Silence in the car for most of the way there.I felt very nervous and like once I’d stepped through the doors there was no going back. A whole part of this world that I’ve been sheltered from was about to open up, and I didn’t know whether that would be a good thing or not…
The village was beautiful. Little french style chalets housed a ‘mother’ with 7-10 children. But I’m jumping ahead.we pulled up and Duong greeted us shyly, he was goin to show us around. The village was peaceful and quiet and he explained as its Saturday they relax and wash their clothes and then play football in the afternoon. The village was amazing, communism at it’s very idealistic best really. Everyone lives in their own little chalet with their ‘mother’ and ‘brothers and sisters’, all ethnicities live side by side and all religions too. The children were shy and looked beautiful – like all the other children I’ve met here really.
We were first taken to Darh’s house. She has been here for the beginning – 1987, and has had 19 ‘children’. Duong translated for us that she is even a proud grandmother, and 3 of her children are now married too. She is inspirational.
The mothers are sort of like nuns. They give their whole lives to the children. They are not allowed husbands or children of their own but live in the chalets and care and love their orphaned children. Darh must have made this choice at about 21yrs old. I was overwhelmed by her selflessness. Even writing about it now is bringing me to tears. We had tea with her and just smiled and smiled.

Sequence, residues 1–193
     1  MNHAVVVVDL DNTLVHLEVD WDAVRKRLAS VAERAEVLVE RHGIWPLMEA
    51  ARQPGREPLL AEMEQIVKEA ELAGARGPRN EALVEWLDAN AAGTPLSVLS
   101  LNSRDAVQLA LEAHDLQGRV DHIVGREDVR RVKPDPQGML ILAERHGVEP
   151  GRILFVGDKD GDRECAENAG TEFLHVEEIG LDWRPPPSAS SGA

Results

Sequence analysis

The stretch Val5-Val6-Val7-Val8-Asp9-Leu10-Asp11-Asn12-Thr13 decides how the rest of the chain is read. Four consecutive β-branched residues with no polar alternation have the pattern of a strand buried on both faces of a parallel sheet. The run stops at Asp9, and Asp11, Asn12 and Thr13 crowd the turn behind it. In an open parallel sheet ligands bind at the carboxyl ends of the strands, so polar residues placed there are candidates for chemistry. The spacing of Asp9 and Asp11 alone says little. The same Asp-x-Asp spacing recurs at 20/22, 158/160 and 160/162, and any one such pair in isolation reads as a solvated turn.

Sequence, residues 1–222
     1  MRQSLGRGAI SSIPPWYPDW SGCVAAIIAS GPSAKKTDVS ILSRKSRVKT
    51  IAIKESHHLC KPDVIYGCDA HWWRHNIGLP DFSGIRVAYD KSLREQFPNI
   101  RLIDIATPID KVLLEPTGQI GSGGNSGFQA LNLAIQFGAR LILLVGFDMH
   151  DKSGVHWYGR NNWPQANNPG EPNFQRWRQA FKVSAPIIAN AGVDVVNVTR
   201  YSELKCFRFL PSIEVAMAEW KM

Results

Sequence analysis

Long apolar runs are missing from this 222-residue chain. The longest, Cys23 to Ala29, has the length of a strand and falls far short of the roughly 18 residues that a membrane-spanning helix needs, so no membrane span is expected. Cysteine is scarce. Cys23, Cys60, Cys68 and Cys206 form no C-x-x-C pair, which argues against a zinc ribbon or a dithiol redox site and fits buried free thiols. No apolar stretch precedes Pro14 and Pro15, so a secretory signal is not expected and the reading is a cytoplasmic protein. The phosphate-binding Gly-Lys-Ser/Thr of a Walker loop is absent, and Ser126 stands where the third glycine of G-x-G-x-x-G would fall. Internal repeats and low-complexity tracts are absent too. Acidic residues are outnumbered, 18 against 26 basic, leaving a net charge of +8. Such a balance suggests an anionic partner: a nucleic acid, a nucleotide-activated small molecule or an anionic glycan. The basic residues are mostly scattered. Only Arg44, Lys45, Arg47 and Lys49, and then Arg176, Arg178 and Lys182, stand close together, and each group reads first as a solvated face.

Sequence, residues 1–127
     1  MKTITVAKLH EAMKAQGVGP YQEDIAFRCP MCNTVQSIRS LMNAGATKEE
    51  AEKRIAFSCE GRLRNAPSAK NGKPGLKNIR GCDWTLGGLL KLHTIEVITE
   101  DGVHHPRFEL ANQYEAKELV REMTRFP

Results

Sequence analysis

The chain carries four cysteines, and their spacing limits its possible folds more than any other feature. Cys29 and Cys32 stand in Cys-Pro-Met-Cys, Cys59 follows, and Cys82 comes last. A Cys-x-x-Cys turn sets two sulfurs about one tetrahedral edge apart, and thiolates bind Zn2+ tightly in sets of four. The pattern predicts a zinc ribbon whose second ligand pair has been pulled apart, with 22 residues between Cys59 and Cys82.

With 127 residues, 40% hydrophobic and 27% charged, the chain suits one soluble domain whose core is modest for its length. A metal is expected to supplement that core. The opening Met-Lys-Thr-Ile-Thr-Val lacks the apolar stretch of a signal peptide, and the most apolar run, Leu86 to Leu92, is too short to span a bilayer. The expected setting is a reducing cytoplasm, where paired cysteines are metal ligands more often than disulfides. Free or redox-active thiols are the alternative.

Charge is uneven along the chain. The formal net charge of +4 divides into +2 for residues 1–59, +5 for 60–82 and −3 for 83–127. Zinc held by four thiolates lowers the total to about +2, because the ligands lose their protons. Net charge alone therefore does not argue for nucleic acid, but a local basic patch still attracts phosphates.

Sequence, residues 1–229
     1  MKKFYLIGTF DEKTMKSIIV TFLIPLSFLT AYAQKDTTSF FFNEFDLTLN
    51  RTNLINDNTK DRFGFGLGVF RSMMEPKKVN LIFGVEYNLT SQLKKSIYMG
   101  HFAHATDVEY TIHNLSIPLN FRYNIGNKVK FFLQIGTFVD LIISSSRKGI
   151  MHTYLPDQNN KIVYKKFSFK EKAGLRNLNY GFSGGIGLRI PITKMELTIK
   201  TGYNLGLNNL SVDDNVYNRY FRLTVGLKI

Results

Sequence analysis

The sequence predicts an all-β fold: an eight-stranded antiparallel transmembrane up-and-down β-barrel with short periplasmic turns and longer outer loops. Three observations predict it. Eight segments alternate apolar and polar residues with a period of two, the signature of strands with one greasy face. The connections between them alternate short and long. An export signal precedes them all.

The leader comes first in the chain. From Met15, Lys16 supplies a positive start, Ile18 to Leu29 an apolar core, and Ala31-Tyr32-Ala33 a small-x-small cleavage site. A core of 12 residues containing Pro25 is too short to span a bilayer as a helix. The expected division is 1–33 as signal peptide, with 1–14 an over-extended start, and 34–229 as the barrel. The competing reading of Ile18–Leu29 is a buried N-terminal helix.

We spoke to a few children and went to meet the newest mother who has the youngest children, it was to her that I gave my plastic bag of ‘gifts’ – nappies, wipes, toothbrushes, toothpaste, baby shampoo.
Next we were taken to the boys home. When the boys reach 14yrs they live in their own building with an ‘educator’. The boys were absolutely charming and delighted to have Spiderman interrupted it seemed! As they saw us approaching they run inside to quickly tidy up! They also spoke very good English. All the children go to school with the local children too, and the Village also sends them to university and helps them get jobs. A really fantastic and very established chariety. They obviously get very good funding.
After the morning at the orphanage we took a taxi to a Buddhist monastery in the hills. It felt quite Greek heading up onto tiny winding roads with pine trees everywhere.
The atmosphere at the monastery was beautiful. It was one of the most fragrant places I have ever ever been. Surrounded by lush flower gardens and strong scented pine trees and then with all the burning incense.. The wind chimes and gongs were so quiet you could almost not hear them. Absolutely magic. I really want to spend some proper time with the Buddhist monks – they are so lovely and friendly (even yesterday as we were walking in Dalat in the evening, Sophie got chatting to a monk just on the street).
Next we caught a Cable car up through the hills…. It was pretty frikking scary! And of course totally cinematic and beautiful..
As if we needed to top up the day anymore we then we to some local waterfalls. As usual the Vietnamese tourists were more keen to photograph us then the breathtaking waterfall behind them… This one little boy (age maybe 6yrs) even held his eyes open wide with his hands and looked at me and then fell about laughing! So funny!
By the end of the day we were the only ones left at the bottom on the hill (which we had caught a rollercoaster down to!).Again more stunning scenery… It must be getting a bit boring for you all now right?!